It was regretable that we didn’t get more attendees from local authorities, but those who did manage to attend were involved in some excellent workshop sessions aimed at teasing out their vision for how the Knowledge Hub would deliver efficiency and performance improvements for the local government sector. This was a valuable exercise because we managed to put some flesh and bones onto what has been up until now an abstract concept for many people. Before reporting on the outcomes from the meeting, a brief summary of the terms of reference for the Advisory Group:

The Advisory Group membership will be made up of technical and social innovators and local authority officers each with practical experience in helping deliver Web 2.0/Enterprise 2.0 solutions within the public sector or workplace, and with experience in cultivating a culture of knowledge sharing and self-development. The Advisory Group will:

  • Provide technical advice and strategic insight for the procurement and development of the technical platform.
  • Identify opportunities and sources for seeding and pump-priming content for the knowledge hub.
  • Provide expert advice in the development of a new ‘knowledge ecology’ for the sector, where the sector can learn from its own experience and where barriers to participative learning can be identified and resolved.
  • Advise on new and emerging knowledge sharing techniques such as social reporting, narrative & storytelling, and development of games for simulation of behaviours.
  • Identify training needs and other support requirements for the sector.
  • Provide on-going help in resolving problems and provide a quality assurance function for the Programme.

The main element of the meeting was a workshop session where delegates worked on two scenarios and my thanks to Ingrd Koehler for making these both challenging and a reflection of the sort of issues facing local authority staff.

Scenario 1

You work with Hubville City Council. You are new to the Youth Offending Team. In a meeting with the Performance Officer in charge of LAA (Local Area Agreement) monitoring and another officer from the Crime and Disorder Reduction Partnership you discover that councillors are concerned that your area doesn’t look on track to meet a key monitoring figure for its LAA : NI 111 (national indicator) – First time entrants to the Youth Justice System aged 10-17. It’s a single measure, but part of a wider set of priorities about reducing youth crime and anti-social behaviour among youth in general – and in some ‘blighted’ communities in particular. You are going to conduct a snapshot review of your current programme and try to identify a network of people who can help you. How will Knowledge Hub help you to: Identify your current performance and compare it with others. Understand how you can track and monitor information which might be related to or influence NI 111 (for example – reported crimes, prosecution rates, NI 117 the number of 16-18 year olds who are not in education, employment or training (NEETs))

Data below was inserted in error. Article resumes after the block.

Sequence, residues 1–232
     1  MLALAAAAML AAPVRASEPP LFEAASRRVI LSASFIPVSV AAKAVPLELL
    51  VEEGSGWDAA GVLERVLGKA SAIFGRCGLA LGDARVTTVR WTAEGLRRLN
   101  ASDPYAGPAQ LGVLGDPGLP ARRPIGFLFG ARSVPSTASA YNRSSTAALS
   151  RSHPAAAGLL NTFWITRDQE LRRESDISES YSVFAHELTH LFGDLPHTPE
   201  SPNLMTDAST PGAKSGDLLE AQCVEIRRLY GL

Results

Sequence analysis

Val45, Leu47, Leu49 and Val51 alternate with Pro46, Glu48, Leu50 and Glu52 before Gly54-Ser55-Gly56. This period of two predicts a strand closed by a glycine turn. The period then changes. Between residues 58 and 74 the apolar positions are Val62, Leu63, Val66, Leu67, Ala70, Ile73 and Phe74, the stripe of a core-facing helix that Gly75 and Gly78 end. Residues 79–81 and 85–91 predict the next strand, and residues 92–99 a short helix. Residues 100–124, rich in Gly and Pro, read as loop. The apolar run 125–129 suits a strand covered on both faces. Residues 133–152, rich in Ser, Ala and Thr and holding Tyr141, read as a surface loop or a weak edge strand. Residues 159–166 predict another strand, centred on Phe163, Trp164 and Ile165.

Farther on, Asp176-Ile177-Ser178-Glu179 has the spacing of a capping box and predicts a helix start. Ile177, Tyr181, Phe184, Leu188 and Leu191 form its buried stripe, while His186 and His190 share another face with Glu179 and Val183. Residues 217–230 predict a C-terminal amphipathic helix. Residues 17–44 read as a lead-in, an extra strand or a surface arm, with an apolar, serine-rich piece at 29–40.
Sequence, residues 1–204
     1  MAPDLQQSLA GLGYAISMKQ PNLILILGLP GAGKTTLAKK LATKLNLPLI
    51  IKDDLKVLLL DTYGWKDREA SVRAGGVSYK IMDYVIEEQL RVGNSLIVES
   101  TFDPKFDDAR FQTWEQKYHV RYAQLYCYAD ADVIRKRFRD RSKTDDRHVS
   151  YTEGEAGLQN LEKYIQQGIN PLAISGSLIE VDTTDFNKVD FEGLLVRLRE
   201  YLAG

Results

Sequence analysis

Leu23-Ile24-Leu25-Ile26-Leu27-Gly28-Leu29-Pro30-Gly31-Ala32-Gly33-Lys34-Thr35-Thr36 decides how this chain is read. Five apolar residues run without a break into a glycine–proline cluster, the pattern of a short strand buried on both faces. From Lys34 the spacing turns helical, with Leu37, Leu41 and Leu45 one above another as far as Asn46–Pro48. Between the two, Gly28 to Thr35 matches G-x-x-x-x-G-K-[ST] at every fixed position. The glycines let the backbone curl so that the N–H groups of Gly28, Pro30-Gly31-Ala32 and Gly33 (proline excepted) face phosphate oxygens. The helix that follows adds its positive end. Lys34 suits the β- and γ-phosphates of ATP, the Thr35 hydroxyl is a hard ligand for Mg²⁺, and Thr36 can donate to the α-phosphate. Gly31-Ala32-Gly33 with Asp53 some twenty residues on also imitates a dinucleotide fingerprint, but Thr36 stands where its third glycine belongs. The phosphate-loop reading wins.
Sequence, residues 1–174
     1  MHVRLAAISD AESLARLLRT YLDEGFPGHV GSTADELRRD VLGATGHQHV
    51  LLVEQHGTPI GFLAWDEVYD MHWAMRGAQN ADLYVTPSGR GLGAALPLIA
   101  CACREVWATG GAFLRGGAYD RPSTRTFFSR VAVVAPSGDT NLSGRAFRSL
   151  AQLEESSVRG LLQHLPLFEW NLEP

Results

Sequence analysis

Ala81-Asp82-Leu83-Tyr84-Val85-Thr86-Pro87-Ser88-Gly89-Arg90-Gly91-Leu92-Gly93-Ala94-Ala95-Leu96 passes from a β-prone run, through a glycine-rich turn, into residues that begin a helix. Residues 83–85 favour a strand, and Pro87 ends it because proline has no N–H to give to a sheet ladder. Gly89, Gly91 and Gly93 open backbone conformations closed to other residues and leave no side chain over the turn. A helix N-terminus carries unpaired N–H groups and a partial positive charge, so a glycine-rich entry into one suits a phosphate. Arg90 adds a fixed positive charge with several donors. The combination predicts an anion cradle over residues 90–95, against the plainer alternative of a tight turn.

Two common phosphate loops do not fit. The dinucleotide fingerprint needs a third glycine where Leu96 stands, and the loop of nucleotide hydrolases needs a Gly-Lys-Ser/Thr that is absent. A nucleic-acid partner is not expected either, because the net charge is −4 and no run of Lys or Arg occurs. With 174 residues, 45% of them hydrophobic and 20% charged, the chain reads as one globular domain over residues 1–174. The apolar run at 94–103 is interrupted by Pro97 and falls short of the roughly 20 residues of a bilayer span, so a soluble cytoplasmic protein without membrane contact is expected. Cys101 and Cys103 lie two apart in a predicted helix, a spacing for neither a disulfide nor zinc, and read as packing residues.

1. Know what ‘best in class’ are doing
  2. Identify people locally who are working on similar issues
  3. Identify people across the country who are at the same stage in your improvement journey.
  4. Find resources to help you deliver improvement against NI 111
  5. Share your story and help others find the resources that worked for you.

Map your journey using the paper and materials provided. How will you come into the hub? What will it look like? What data sources do you expect to find? How will you navigate through it? How will you others be able to see and learn from what you’re doing? What ‘new’ data, aggregated data or mashups do you expect to create with the resources you have found? How will you make these new resources available to others?